2) Not with the naked eye but try gouvernail and LaserLu suggestions

3) Close your eyes and pick one off the rack.....;)
 

Merrily

Administrator
gouvernail said:
With my luck I would choose a #*&+##$ing Sun%^$*fish spar
I guess all those symbols must mean "goshed darned" Sunfish spar. Now you've really done it, Goub--Bradley hosts The Sunfish Forum too. If you've hurt his feelings, I'LL have to load some vittles into the cockpit of my Laser, add some sled runners to it, and sail down there and give you some OHIO whupass. It won't be pretty. I fight like a girl.

Merrily

P.S. Merry Christmas, and Happy all them there other holidays too!
 

gouvernail

Super Opinionated and Always Correct
Merrily said:
I guess Sunfish hurt his feelings, I'LL have to add some sled runners to it. It won't be pretty. I fight like a girl.

Almost 20 years ago, I started the Austin Sunfish fleet becuase there are people in this world who are more suited to having fun on a Sunfish than having fun on a Laser.
I started the fleet as a second group who would compliment our Wednesday Night Laser races. Our Laser fleet was united in its distain for my actions and I had to run the race committee for the entire last month of the season because nobody else in our fleet was willing to have any part of my experiment.
The Sunfish fleet took off and by the end of the second summer it was larger than our Laser fleet. It took fifteen years for the Laser fleet to finally catch back up to the Sunfish and this year we had about as many Lasers as Sunfish.
I absolutely believe each fleet is exactly what the other fleet needs. Before the Sunfish fleet was started we averaged about 15 sailors per night and one race committee guy ran the show.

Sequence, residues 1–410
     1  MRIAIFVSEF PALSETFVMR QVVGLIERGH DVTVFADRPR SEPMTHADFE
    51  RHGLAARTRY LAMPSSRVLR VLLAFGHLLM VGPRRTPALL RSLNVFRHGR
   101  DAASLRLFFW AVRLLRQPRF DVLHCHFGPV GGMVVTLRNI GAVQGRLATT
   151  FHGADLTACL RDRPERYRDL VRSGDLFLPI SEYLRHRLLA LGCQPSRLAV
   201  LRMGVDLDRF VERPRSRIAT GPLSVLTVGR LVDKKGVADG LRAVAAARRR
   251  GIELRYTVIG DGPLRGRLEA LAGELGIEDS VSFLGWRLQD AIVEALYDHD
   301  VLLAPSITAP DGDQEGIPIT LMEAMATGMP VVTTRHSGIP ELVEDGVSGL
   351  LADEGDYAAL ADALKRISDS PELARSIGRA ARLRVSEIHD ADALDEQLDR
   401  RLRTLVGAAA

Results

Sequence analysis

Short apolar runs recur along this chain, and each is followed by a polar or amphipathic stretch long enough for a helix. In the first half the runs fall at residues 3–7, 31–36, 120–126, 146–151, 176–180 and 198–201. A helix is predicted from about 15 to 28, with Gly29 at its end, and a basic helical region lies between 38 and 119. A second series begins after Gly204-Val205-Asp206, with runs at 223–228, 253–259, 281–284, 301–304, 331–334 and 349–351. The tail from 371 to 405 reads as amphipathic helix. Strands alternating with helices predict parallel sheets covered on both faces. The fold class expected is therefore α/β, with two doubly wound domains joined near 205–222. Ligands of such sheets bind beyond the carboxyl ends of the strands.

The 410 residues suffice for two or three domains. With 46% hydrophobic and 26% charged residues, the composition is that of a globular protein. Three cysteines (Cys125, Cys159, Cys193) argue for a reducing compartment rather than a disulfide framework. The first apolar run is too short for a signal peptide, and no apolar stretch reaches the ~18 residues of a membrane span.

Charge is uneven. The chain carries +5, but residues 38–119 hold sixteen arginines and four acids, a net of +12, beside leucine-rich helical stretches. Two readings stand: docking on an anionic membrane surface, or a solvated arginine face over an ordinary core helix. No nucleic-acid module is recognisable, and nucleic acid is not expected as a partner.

Now we have about 55 sailboat boats per night and there are three sailors on the committee boat too.

I still think Sunfish exist to torture people who would like to go sailing but only can find a Sunfish.

Last...The 2006 Sunfish NA Champs are in Dallas at the same time as the US laser nationals in COrpus. THAT is STOOOOOPID scheduling.

Who do I blame??

USSailing. THEY are supposed to be the US managers of the great sport of sailing. They don't maintain the following simple database covering the top fifty one design associations :
US and Canadian national championships for 2006 through 2008
NA Champs for 2006 through 2010
Regional champs through 2007
All scheduled regattas for 2006
All USSailing championships through 2010
All Olympic regattas and USteam quailfiers through 2012
All Collegiate and High School Championships through 2010


How the hell can any national sports authority run without such basic information??

Oh wait...USSailing is too busy running a really expensive and stooooopid regatta in the middle of our off season in a place as far to the lower right hand corner of the map as they can shove it, where there is consistently NO wind for at least half the days of the scheduled event.
They spend Millions of dollars of their money and the sailors money and invite people from all over the world to participate in an event that is doomed to failure by lack of proper weather and they have no funds left to do their job...manage the sport of sailing in the US...

But I digress..
Sunfish still suck......
 

Rob B

Well-Known Member
49208 said:
IMHO, Bring an accurate scale, weigh them and pick the heaviest one.
Where can you go and just sort through a large selection of mast sections?
 

glasky

Member
Probably the most annoying thing with various top masts and bases is the variable 'fit' you get when interchanging different bits to rig as a Radial or standard Rig. In a club situation, with a number of club boats and rigs this can become particularly annoying if members ignore spar 'pair' markings and start rigging using any combination of spar pieces from the boatshed. Last one to rig may not be able to force the top section into the last available base and everyone has to de-rig and sort spar pairs out so all fit.